For some, the mere thought of a McCarthy or Haddish casting could suggest a different kind of movie just because, despite their range, they are so indelibly associated with their brilliant comedy work. But that's part of the game plan as "The Kitchen" confidently plays against type- whether it's actors known for humor getting down and dirty with serious dramatic roles, or female mob bosses ordering hits, dumping bodies and ruling their destinies in a way that's remarkable today and would have been downright revolutionary in the '70s.

As Ruby O'Carroll, Tiffany Haddish channels the rage of a woman who's constantly being dismissed and insulted and finally gets the chance to prove what she can really do. "We all go through things in life and even in the darkest circumstances there can be some surprising moments of light just to break the tension," Haddish concedes. "That's just part of living and being human. But this is every inch a drama and we played it absolutely straight, and, personally, I was thrilled to be able to explore that and show this side of myself on screen."

The habitually battered Claire Walsh, meanwhile, in Elisabeth Moss's hands, decides she's had enough and she's not going to take it anymore. From anyone. Moss explains, "Claire, Kathy and Ruby aren't superheroes or villains. What I loved about the idea of this film is that it's about three very different women who are not stereotypical and who each have their strengths and weaknesses, in their own ways. They're flawed and they're real."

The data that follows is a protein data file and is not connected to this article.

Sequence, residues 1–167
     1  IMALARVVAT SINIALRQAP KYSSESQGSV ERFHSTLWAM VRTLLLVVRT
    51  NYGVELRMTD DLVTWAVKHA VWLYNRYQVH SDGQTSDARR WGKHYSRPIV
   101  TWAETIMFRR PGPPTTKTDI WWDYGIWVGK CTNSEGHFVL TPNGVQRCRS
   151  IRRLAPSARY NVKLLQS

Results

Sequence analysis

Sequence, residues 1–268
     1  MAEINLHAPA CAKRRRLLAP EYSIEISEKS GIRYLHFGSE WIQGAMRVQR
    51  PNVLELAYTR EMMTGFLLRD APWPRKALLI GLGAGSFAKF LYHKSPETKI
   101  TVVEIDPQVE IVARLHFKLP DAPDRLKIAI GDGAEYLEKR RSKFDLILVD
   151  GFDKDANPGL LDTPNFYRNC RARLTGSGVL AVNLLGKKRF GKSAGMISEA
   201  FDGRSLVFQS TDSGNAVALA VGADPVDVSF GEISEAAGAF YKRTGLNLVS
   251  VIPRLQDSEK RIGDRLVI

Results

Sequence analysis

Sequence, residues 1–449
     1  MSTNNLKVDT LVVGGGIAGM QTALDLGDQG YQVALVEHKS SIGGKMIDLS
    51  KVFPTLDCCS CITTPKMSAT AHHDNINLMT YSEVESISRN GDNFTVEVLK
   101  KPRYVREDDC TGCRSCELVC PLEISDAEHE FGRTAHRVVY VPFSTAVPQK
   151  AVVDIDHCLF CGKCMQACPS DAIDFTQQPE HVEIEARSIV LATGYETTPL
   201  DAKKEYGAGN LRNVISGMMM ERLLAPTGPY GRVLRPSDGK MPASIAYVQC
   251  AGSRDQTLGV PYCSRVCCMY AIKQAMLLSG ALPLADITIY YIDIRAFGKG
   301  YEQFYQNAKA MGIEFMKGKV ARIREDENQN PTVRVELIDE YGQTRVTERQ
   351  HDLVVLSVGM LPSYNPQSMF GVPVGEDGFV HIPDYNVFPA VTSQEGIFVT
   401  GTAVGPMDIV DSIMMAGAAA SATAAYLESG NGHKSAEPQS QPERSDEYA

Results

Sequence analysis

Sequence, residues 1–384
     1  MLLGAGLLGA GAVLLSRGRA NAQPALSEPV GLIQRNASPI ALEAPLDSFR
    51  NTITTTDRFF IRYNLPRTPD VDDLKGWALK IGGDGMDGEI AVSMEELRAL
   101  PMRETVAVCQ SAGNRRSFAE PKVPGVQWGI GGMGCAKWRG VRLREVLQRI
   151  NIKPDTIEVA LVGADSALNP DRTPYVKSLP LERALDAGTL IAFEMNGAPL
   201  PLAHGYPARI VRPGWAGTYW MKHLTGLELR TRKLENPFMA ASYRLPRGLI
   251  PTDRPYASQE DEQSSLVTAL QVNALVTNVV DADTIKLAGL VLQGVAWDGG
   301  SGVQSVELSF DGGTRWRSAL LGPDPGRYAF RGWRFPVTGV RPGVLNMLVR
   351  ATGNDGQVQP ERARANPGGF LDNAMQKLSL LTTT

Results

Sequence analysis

These women were never really friends. Their husbands were tight: drank together, backed each other up and ran the streets. It wasn't till they were out of the picture that Kathy, Ruby and Claire started to view each other in a new way...as allies.

One thing is for sure: they're never going back to the way things used to be.

"In February 2016, 'Compton' was just winding down when I became aware of The Kitchen comic," Berloff recounts. "So I was already thinking a lot about things like the tension that happens when different people bump up against each other and what happens when people are not given the opportunities they deserve. Do they just take them? And what does that look like? We can't be surprised when disenfranchised people try to overthrow the system if the system is not working for them."

Citing the caliber of her three leads and what they bring to the mix, individually and as a team, she states, "Melissa, Tiffany and Elisabeth are fierce and phenomenally talented and it's apparent in everything they do. Each in their own way found the voice of their character and brought them to life beyond what I put on the page. Their chemistry is singular."